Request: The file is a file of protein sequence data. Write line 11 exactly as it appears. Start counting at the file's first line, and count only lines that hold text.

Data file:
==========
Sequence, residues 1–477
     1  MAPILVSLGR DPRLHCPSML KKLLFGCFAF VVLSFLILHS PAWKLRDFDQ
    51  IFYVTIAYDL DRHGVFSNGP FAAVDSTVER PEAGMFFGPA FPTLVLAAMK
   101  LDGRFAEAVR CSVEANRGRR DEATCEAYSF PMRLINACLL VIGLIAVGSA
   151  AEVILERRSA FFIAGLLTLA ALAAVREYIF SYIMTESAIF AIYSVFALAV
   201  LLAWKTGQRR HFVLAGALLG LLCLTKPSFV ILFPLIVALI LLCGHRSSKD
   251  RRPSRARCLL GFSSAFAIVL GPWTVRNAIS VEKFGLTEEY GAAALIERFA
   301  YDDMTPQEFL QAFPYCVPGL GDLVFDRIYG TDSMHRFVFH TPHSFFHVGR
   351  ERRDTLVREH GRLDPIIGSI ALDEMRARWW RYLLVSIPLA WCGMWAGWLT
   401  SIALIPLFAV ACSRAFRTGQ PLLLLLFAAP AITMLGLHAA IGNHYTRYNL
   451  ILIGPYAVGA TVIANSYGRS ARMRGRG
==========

   451  ILIGPYAVGA TVIANSYGRS ARMRGRG